P. L. HARRISON, Plaintiff and Respondent, v. James W. FRYE et al., Defendants. Harry Soogian, Oliver Bredeson and George Kalajian, Defendants and Appellants.
This is an action by respondent Harrison against appellants for an injunction to prevent the erection of residences and requiring the removal of such buildings partially erected which allegedly violate a recorded ‘Declarations of Restrictions' imposed upon the lots herein involved by the original grantor who is the respondent. The restrictions call for the erection of first class buildings only.
On January 30, 1938, respondent and his wife executed the restrictions on a parcel of property described as the Harrison Subdivision, and it was admitted by appellants that these restrictions were recorded and applied to the lots owned by the appellants.
On March 22, 1954, appellants obtained a building permit for the erection of the buildings in question. The materials proposed to be used were previously used materials purchased from buildings erected in Richmond near the Richmond shipyards and were ten years old. The materials were described by some of the witnesses as being old and deteriorated and some of the fixtures as being 30 or 40 years old.
The appellants purchased the lots and commenced construction before title was formally delivered to them. They had no actual knowledge of the restrictions until the present action was brought; however, they did admittedly have constructive notice of these restrictions by reason of the recording.
Upon trial, respondent moved for leave to dismiss as to Frye, George Alexander and Louise Alexander. The motion was granted. The court rendered judgment against appellants enjoining them from all further proceedings in the construction of the buildings, requiring them to remove the buildings then under construction and awarding costs to respondent. Appellants' motion for a new trial was denied. They appeal from the judgment.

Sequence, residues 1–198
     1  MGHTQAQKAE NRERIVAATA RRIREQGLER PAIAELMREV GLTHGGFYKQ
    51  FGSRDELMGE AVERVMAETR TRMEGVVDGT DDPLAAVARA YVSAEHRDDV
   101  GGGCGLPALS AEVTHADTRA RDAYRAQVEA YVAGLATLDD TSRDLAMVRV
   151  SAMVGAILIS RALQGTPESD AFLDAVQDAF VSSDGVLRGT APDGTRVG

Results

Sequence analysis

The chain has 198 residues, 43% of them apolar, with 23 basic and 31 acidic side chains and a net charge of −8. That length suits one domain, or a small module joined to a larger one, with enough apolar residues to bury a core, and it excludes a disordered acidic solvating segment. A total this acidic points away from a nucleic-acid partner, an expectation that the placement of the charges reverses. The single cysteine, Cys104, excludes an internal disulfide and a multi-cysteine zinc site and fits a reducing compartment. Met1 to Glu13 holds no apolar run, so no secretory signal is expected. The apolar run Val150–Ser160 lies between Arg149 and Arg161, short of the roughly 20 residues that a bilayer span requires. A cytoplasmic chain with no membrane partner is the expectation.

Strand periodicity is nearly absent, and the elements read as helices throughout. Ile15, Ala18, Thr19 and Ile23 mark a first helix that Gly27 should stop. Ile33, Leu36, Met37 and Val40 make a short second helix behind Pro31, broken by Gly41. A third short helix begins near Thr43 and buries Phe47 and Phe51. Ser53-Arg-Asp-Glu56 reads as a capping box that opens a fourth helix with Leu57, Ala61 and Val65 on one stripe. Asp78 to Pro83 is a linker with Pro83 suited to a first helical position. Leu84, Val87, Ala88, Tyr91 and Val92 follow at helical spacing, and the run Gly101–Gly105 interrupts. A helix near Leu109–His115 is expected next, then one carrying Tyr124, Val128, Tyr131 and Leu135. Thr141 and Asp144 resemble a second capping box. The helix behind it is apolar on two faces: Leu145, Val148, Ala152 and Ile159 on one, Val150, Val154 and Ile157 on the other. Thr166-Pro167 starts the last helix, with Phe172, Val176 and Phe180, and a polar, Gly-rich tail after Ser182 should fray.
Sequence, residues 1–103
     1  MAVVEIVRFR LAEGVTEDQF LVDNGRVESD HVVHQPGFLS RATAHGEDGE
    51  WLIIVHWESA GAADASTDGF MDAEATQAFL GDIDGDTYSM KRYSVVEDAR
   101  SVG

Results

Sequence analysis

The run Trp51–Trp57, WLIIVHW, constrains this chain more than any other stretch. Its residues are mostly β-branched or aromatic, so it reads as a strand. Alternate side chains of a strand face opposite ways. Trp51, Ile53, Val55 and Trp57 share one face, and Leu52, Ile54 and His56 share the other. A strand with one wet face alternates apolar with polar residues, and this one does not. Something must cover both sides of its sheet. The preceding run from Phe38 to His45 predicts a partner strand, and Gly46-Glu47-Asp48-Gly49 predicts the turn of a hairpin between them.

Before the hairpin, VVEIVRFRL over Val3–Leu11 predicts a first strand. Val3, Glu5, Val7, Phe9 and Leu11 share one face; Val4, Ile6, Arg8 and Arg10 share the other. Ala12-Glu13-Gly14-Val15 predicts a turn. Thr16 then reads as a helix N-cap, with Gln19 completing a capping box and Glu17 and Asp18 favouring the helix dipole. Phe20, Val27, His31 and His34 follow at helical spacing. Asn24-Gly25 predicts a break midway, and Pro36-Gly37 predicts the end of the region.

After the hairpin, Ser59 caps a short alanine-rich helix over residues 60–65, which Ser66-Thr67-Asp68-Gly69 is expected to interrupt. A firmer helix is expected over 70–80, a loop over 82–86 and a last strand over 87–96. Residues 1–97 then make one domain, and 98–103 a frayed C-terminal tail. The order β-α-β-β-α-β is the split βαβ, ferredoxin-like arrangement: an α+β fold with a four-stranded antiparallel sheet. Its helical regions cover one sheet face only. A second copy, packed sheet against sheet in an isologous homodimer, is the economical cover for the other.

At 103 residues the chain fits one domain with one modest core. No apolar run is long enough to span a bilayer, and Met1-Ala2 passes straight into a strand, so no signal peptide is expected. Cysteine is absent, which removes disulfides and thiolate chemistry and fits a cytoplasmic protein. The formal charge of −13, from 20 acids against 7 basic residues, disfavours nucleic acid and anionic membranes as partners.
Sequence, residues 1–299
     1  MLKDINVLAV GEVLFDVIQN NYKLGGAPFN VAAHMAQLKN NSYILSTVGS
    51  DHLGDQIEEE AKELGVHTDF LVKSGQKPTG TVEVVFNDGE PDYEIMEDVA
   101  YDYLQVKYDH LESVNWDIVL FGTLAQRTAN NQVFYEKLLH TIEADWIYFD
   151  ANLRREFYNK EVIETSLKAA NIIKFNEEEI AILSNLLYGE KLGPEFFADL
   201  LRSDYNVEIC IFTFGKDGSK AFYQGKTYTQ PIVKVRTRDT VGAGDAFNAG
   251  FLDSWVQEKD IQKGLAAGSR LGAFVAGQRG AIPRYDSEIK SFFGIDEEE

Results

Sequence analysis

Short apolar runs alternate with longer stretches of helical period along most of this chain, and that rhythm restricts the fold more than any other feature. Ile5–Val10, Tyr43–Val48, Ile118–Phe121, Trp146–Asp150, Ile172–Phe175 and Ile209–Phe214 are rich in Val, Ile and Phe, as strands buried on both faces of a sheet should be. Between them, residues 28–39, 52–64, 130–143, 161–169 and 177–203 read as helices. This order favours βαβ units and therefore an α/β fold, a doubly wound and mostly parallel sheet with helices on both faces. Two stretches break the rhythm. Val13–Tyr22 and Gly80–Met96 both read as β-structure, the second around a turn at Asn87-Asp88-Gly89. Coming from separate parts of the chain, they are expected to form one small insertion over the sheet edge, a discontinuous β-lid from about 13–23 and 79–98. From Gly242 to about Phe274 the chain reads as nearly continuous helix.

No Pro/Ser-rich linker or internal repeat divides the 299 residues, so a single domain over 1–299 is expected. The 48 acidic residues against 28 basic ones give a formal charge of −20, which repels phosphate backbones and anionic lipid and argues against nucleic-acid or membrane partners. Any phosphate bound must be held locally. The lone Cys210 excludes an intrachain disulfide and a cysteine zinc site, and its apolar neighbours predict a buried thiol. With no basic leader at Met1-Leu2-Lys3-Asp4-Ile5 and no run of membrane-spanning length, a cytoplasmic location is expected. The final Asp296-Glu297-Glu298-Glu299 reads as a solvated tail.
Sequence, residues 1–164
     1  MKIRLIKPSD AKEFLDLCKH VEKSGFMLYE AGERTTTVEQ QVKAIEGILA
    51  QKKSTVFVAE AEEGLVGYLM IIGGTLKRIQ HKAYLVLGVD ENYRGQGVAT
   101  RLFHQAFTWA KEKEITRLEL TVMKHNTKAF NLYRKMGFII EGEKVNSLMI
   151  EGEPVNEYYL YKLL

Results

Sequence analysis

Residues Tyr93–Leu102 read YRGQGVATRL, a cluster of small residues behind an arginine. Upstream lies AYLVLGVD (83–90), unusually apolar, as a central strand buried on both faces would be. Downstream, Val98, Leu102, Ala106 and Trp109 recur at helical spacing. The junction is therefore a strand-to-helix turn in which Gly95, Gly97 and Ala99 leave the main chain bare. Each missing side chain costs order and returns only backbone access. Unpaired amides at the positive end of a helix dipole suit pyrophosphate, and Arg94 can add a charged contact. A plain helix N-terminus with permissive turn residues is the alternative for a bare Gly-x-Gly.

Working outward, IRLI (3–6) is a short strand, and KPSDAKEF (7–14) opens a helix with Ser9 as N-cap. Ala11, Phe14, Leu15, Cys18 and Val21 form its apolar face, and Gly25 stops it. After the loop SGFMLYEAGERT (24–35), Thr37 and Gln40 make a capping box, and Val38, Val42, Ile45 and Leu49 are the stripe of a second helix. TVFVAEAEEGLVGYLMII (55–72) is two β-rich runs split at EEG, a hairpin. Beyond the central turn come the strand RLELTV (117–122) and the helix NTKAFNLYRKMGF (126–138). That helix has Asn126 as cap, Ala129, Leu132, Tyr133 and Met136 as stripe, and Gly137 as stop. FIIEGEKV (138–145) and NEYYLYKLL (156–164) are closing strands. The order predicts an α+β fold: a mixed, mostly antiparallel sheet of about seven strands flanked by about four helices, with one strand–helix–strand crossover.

The first contention made by the appellants is that the term ‘first class residence building’ is so vague, ambiguous and uncertain that a building restriction requiring the erection of such buildings cannot be enforced. Appellants argue that building restrictions, by reason of their operation upon real property, are strictly construed since there are public policies in favor of the free use of land and the free alienation of land, and such restrictions must be clear, certain and unambiguous before they will or can be enforced.
‘Words should be understood in their ordinary and popular sense rather than according to their strict legal meaning. This ordinary and popular sense is to be related to the circumstances under which the words are used, having in mind the purpose of the contract and the general situation which brought it into existence.’ (12 Cal.Jur.2d 353–354.)
‘In the absence of technical words or phrases whose meanings are obscure, the office of interpretation belongs to the court. If the contract explains the meaning of the words, there is no need to go outside the contract. If, however, because of the use of technical or trade terms, the language is not plain, the testimony of those skilled in the art or experts in the field is admissible as to the meaning of the language. Where the words are not used in any special or local sense, their meaning is not a matter to be established by expert testimony, and they are to be given their ordinary meaning.’ (12 Cal.Jur.2d 356–357.)
It does not appear, nor is there any contention made by either side, that the term, ‘first class residence buildings' has a technical or peculiar meaning; therefore, the term is to be interpreted in its ordinary sense.
Ordinarily, the words ‘first class' are synonymous with, and include ‘good quality’ and ‘good condition’ and negative ‘inferior quality’, ‘off grade’, ‘bad condition’, ‘injurious' and ‘unsafe’. Roget's Thesaurus, par. 648 and 649; Pacific Feed Co. v. Kennel, 63 Cal.App. 108, 218 P. 274. Applying this definition to the restriction in question, there is nothing vague, ambiguous or uncertain as to its meaning or as to what was intended by the words ‘first class residence buildings.’
There is substantial evidence in the record to sustain the trial court's finding that the restriction in question was being violated by the appellants. Further, by stipulation of the parties, the court viewed the premises. His observation on viewing the premises became evidence in the case, and what he then saw may be used alone or with other evidence to support the findings. Wheeler v. Gregg, 90 Cal.App.2d 348, 366, 203 P.2d 37, and cases cited therein; McCarthy v. City of Manhattan Beach, 41 Cal.2d 879, 889, 264 P.2d 932.